An Incomplete and Misleading Austerity Argument
Veronique de Rugy cites Alesina and Ardagna (A&A) as gospel proving that tax cuts are always better at stimulating the economy than increased government spending, but subsequent papers have seriously called into question the A&A methodology. IMF found A&A’s conclusions to be dramatically incorrect in cases of large spending cuts, which are clearly contractionary; a 1% cut in spending results in a 0.5% reduction in GDP and a 0.3% increase in unemployment in two years. Great Britain’s experience seems to be bearing this out already.
Krugman claims a preference for Amunia et al because they focus on more similar economic situations – specifically zero interest rates. Krugman’s criticism seems valid, as the impact of larger deficits clearly depends on interest rates.
For support, de Rugy then cites an IMF paper titled “Default in Today’s Advanced Economies: Unnecessary, Undesirable, and Unlikely,” incorrectly claiming it “found similar results” when it in fact cites the World Economic Outlook paper so critical of A&A above.
De Rugy also cites Romer and Romer, noting part of their conclusion: “increasing taxes by 1 percent of GDP for deficit-reduction purposes leads to a 3 percent reduction in GDP.” But the Romers clearly state that “failing to account for the reasons for tax changes can lead to substantially biased estimates of the macroeconomic effects of fiscal actions.” They specifically separate tax actions that are “deficit-driven,” concluding that “the response to a deficit-driven tax increase is positive, though not [statistically] significant” [emphasis added]. In other words, when taxes are raised specifically to reduce an inherited budget deficit (such as we have today), GDP doesn’t decline as de Rugy wants us to believe, but actually appears to grow slightly. “This is consistent with the idea that deficit-driven tax increases may have important expansionary effects through expectations and long-term interest rates, or through confidence,” conclude the Romers.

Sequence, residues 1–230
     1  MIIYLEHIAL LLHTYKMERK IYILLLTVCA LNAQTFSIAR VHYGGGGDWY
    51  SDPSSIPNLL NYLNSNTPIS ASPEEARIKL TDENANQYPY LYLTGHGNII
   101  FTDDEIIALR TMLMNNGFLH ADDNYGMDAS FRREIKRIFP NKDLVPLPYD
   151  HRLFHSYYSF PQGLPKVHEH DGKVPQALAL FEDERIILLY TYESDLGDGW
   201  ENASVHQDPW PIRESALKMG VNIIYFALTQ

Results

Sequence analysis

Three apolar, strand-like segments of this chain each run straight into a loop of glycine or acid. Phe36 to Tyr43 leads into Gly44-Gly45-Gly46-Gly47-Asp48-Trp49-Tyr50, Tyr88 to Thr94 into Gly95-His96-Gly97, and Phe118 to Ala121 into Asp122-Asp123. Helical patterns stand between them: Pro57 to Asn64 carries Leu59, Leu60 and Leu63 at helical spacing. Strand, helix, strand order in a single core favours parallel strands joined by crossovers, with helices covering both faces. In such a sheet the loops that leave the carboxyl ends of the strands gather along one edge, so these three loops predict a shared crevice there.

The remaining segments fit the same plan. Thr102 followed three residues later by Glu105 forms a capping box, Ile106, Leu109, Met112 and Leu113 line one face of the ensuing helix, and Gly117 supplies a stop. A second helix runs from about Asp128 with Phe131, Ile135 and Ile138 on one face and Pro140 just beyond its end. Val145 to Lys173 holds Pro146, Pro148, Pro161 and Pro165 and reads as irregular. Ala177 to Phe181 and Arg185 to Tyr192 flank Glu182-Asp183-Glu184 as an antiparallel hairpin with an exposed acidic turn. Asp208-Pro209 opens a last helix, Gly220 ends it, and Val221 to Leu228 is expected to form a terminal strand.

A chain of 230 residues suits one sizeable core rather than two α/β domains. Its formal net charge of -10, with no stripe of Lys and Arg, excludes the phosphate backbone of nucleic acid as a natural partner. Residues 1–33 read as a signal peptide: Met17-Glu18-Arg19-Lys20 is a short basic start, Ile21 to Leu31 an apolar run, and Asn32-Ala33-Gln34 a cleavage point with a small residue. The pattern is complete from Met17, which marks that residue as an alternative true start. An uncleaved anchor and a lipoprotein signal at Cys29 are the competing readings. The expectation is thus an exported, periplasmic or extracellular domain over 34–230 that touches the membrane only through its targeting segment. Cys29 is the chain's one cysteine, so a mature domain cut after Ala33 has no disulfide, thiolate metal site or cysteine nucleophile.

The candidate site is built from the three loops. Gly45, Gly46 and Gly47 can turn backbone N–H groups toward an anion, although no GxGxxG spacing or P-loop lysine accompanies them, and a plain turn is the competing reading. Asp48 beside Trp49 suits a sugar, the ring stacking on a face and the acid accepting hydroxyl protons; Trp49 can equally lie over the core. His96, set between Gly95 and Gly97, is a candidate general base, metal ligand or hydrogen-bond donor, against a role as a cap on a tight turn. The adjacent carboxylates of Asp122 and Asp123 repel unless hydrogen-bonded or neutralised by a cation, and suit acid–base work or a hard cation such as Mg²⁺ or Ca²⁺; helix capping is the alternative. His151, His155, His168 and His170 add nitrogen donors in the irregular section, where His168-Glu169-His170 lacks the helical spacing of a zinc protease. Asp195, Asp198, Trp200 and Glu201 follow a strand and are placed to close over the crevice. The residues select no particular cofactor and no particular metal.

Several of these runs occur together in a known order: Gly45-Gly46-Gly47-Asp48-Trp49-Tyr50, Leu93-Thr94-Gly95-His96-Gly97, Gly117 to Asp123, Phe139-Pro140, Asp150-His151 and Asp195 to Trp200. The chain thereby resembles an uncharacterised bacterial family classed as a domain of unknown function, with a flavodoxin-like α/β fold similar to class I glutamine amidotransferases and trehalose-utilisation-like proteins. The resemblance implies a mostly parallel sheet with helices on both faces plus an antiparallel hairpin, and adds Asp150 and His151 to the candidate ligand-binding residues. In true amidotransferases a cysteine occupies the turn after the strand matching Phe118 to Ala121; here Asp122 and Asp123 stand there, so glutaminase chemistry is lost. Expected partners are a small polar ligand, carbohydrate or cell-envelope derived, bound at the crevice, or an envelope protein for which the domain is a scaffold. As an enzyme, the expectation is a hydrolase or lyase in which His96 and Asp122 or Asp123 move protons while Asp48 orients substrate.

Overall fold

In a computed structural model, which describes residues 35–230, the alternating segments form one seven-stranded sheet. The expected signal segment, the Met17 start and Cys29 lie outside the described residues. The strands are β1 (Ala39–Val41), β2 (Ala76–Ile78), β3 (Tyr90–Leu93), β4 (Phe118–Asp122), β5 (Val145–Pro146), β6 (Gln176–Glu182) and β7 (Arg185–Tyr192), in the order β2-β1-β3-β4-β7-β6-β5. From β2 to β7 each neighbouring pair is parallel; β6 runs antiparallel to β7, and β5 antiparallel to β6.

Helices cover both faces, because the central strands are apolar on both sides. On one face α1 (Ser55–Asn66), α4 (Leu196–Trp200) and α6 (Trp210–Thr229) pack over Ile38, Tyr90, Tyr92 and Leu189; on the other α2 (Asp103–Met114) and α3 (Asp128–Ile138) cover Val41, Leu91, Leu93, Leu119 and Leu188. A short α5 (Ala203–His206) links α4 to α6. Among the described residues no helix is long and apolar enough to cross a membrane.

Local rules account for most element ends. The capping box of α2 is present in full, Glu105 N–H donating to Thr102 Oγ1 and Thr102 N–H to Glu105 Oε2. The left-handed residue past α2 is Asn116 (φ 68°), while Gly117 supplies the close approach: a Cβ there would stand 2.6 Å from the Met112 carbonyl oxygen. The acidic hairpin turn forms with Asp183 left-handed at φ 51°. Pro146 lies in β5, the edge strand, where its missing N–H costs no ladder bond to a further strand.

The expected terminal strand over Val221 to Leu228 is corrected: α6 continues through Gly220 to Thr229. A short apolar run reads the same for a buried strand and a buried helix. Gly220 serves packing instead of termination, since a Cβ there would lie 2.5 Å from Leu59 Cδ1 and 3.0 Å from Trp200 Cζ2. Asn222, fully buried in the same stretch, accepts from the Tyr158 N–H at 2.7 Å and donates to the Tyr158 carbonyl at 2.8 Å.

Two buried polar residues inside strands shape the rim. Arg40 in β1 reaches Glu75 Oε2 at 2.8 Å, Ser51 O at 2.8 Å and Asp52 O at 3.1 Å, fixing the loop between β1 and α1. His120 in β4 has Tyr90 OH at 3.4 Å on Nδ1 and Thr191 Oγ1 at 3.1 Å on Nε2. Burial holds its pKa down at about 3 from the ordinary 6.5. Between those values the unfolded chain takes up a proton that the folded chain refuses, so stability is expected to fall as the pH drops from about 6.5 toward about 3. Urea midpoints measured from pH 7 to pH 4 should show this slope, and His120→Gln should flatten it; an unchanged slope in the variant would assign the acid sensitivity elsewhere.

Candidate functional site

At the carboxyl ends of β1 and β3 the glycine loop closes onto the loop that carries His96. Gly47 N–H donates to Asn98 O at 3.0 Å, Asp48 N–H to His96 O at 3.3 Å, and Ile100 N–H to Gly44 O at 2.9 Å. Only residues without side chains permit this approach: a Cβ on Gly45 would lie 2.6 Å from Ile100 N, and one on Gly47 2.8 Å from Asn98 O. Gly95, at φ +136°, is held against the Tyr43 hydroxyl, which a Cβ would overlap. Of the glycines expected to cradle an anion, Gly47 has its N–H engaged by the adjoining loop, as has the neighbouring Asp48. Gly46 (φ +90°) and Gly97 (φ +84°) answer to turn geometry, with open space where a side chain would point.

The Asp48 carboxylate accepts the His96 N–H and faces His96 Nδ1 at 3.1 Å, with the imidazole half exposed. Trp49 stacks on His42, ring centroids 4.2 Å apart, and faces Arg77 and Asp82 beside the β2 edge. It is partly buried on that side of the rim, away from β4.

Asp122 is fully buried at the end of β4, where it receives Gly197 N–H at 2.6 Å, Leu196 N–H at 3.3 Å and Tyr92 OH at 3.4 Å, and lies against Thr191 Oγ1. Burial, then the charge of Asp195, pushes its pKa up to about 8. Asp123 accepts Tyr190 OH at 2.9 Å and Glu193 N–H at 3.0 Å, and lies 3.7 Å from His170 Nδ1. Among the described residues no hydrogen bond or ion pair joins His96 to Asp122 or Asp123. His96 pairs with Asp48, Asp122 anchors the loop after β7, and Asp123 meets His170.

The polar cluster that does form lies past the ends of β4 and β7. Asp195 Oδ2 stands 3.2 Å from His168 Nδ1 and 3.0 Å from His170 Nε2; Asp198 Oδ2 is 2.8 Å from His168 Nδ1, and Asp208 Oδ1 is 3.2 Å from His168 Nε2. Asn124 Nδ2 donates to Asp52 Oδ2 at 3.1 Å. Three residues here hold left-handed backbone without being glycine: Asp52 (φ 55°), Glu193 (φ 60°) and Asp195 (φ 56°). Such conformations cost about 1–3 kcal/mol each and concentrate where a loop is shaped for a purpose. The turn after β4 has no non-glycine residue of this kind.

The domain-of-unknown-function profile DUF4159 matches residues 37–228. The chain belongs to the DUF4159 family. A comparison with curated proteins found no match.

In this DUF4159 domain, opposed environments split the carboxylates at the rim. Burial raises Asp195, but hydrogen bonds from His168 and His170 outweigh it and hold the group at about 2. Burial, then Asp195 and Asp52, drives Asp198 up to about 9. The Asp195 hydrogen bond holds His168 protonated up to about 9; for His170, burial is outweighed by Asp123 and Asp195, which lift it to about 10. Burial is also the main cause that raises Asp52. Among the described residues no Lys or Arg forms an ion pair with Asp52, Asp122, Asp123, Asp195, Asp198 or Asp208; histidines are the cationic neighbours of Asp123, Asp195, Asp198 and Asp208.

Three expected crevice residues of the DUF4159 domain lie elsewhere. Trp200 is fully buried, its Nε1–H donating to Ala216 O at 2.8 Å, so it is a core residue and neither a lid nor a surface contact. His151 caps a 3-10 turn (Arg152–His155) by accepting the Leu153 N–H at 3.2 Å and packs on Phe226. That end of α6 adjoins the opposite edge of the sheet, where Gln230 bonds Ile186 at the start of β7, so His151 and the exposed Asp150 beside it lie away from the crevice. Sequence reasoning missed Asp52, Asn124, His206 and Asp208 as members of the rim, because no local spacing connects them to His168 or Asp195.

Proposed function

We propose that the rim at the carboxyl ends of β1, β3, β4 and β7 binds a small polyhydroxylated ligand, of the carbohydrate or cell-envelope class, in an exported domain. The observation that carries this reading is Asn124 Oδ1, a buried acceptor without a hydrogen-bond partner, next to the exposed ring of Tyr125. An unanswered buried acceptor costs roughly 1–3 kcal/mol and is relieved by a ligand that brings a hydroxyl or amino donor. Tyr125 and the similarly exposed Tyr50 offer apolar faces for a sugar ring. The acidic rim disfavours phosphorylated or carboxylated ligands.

So which tax increases did the Romers include in the “deficit-driven” category that seems to cause GDP to grow? Those of 1982, 1987, 1990, 1993 — every large tax increase in the last 30 years. And any tax increase today would certainly be in the same category.
All in all, not a tour de force de Rugy performance.